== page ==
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Bird Habitat Conservation Toolkit

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Note: Operations within Spotted Owl range may be recommended to discourage Barred Owl occupancy, rather than promoting it. See Spotted Owl.

Barred Owl

(Strix varia)
British ColumbiaYellow
Primary Habitat
Old deciduous mixedwood
Nest Type
Cavity (natural)
Territory Size
300-1000 ha
Nest Reuse
Breeding Window
Old, large deciduous snags in large patches (>10 ha).
Old, large mixedwood forest stands and upland forests.

Habitat Ecology

  • Barred owls are associated with large trees and snags in old (>80 years) mixedwood forests and, in BC, upland mature and old conifer forests.1
  • Aspen and poplars provide nest trees, while white spruce and balsam fir provide cover for owlets.2
  • Structural diversity, including partially fallen trees, is important near nest trees.3
  • They also use Douglas fir, western hemlock, western larch, and black cottonwood forests (coniferous or mixed), often near water.4
  • Barred Owls mainly nest in large-diameter deciduous trees in natural cavities formed by disease, broken branches, or broken tops. Woodpecker cavities are too small for this large-bodied species. They will readily use nest boxes.1

Response to Forest Management

  • Barred Owls require large, contiguous mature forest habitat and have been negatively impacted by severe fragmentation and habitat loss in parts of their range.2
  • Where the Barred Owl’s range overlaps with that of the Great Horned Owl, fragmentation negatively affects Barred Owls by creating habitat for this aggressive predator and competitor.2
  • Clear-cutting without retention is considered an important threat due to loss of cavity trees and snags for nesting.1
  • Barred owls have been observed nesting in retention patches and within 50 m of cutblock edges in landscapes with a low amount of harvested area (7%).5

Stand-level Recommendations

  • Managers should prioritize old (>100 years), large-diameter (>36 cm) deciduous  trees and snags as anchor points for retention patches, particularly those with large existing cavities, and/or broken tops.6 If these are scarce or unavailable, some large deciduous trees may be retained to provide future nest trees. Unmerchantable timber should be retained near large retention trees, including spruce or fir if available, to provide cover for owlets.2,3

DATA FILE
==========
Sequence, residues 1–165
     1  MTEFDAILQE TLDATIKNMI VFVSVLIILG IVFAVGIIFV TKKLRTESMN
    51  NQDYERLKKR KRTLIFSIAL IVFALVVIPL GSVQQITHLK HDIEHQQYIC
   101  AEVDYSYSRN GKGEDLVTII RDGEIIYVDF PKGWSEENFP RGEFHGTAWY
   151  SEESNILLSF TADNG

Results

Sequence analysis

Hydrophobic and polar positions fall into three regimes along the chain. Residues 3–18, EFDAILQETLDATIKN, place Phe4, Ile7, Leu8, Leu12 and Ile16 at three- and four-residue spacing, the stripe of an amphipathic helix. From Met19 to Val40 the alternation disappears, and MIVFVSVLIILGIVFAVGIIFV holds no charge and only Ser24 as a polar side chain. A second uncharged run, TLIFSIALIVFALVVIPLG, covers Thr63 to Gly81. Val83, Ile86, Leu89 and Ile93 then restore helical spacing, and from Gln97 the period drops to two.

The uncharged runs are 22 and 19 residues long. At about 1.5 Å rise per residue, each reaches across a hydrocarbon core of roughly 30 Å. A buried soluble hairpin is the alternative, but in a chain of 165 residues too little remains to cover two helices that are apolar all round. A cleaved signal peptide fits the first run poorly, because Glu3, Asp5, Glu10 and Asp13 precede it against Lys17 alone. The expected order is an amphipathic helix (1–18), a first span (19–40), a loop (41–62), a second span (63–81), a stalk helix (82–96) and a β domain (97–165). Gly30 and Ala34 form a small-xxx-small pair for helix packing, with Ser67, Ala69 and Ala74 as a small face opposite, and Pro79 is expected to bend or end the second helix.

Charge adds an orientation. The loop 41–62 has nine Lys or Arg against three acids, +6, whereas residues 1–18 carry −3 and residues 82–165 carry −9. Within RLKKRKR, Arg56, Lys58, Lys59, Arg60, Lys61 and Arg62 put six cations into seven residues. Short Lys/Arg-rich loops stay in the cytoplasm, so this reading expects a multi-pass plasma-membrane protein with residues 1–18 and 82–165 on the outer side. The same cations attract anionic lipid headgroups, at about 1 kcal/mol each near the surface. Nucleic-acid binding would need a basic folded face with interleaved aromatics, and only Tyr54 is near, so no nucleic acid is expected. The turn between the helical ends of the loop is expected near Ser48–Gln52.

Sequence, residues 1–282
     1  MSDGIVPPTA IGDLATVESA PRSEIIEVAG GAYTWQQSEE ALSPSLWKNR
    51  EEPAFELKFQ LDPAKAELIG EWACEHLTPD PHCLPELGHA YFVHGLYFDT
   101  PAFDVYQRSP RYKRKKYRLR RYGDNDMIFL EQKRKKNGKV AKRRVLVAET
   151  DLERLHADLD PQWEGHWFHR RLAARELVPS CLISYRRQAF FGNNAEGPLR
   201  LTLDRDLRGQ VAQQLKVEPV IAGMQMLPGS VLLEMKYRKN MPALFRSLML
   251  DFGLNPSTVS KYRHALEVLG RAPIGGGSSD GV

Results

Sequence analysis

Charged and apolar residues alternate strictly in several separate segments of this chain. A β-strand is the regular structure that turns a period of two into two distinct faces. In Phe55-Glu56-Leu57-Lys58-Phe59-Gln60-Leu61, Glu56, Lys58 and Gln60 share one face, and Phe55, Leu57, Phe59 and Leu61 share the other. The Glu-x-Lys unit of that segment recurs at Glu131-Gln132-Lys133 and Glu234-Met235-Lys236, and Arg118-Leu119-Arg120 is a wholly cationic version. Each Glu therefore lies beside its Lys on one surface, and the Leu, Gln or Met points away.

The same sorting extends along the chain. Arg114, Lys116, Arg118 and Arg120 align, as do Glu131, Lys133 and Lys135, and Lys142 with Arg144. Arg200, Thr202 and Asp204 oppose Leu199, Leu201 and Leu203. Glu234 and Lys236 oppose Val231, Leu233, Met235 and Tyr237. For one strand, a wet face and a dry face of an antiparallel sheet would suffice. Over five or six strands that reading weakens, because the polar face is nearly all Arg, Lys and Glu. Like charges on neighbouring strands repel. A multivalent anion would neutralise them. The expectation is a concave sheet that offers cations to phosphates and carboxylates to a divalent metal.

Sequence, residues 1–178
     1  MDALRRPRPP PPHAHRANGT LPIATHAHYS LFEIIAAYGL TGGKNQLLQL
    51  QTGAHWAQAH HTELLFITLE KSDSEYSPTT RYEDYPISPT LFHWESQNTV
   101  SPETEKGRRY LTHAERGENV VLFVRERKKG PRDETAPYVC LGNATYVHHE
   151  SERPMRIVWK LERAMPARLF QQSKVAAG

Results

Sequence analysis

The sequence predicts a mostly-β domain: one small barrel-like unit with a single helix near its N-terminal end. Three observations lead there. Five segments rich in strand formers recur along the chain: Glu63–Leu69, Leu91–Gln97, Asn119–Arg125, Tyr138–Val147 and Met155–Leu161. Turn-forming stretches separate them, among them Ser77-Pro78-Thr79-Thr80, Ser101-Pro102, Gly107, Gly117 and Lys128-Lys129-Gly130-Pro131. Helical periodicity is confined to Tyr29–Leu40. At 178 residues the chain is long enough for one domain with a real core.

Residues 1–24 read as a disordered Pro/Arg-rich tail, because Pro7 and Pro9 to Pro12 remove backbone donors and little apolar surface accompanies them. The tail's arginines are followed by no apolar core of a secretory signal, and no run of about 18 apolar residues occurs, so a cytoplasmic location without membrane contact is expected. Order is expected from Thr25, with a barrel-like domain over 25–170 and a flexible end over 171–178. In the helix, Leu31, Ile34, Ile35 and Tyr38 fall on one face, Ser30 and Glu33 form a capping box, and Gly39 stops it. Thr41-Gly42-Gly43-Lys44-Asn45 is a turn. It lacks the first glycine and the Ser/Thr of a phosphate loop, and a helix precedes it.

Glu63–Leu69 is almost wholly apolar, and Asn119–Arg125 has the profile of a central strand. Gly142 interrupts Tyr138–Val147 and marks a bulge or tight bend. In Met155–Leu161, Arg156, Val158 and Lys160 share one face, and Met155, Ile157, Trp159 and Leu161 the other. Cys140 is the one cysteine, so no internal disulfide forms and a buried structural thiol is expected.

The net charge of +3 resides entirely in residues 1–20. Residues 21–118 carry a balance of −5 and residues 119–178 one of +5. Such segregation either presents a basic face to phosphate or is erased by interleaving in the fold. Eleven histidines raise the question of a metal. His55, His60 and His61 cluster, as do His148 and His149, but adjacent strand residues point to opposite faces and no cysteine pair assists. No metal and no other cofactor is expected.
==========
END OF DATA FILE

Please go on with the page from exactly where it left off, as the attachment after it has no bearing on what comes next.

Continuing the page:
• Patch retention more effectively provides nesting habitats within harvest sites for this species, while dispersed retention trees provide hunting perches for Barred Owl and other species while the harvest block regenerates.7
  • Patches should be 10–20 ha or larger if possible, and contain high densities of large-diameter aspen and poplar trees/snags for nesting.5
  • Recommended activity buffers around known, active nests range from 50 m (low-impact activities) to 200 m (high-impact activities, e.g., road building). An unharvested forest patch of at least 20 m radius is recommended around the nest tree.8

Landscape-level Recommendations

  • The most benefit for Barred Owls will likely be derived from large stands of mixedwood forest >100 years.2 The size, amount, and composition of these stands should be determined within the context of the natural range of variation for the region.9
  • Retention harvesting (patches) may be effective on landscapes with low disturbance intensity, but patches may have less value on intensely-managed landscapes. In these cases, large stands of unharvested forest are likely more effective. Patches offer value by potentially providing nesting structures as the harvested stand regenerates and improving landscape-level complexity,5 and are expected to more quickly produce habitats suitable for Barred Owl than severe fires or clearcuts.10


  1. Mazur, K. M. & James, P. C. 2000. Barred Owl (Strix varia), version 2.0. in The Birds of North America (Rodewald, P. G., ed.) Cornell Lab of Ornithology, Ithaca, New York, USA. Available online:
  2. Alberta Sustainable Resource Development. 2005. Status of the barred owl (Strix varia) in Alberta. Alberta Sustainable Resource Development, Fish and Wildlife Division, and Alberta Conservation Association, Wildlife Status Report No. 56, Edmonton, AB. 15 pp.
  3. Alberta Environment and Parks. 2016. Barred Owl Conservation Management Plan 2016-2021. Alberta Environment and Parks. Species at Risk Conservation Management Plan No. 14, Edmonton, AB. 10 pp. Available online:
  4. Cannings, R. J. 2015. Barred Owl. in The Atlas of the Breeding Birds of British Columbia, 2008-2012 (Davidson, P. J. A., Cannings, R. J., Couturier, A. R., Lepage, D. & Di Corrado, C. M., eds.) Bird Studies Canada, Delta, B.C. Available online:
  5. Olsen, B. T., Hannon, S. J. & Court, G. S. 2006. Short-term response of breeding barred owls to forestry in a boreal mixedwood forest landscape. Avian Conservation and Ecology 1: 1. Available online:
  6. Bonar, R. 2018. Personal communication. April 6, 2018
  7. Piorecky, M. D. & Prescott, D. R. C. 2004. Distribution, abundance and habitat selection of northern pygmy and barred owls along the eastern slopes of the Alberta Rocky Mountains. Alberta Sustainable Resource Development, Fish and Wildlife Division, Alberta Species at Risk Report No. 91, Edmonton, AB. 26 pp.
  8. OMNR. 2010. Forest Management Guide for Conserving Biodiversity at the Stand and Site Scales - Background and Rationale for Direction. Queen’s Printer for Ontario, Toronto, ON. 575 pp.
  9. Environment Canada. 2013. Bird Conservation Strategy for Bird Conservation Region 6: Boreal Taiga Plains. Canadian Wildlife Service, Environment Canada, Edmonton, Alberta. 288 pp.
  10. Bonar, R. 2018. Personal Communication.

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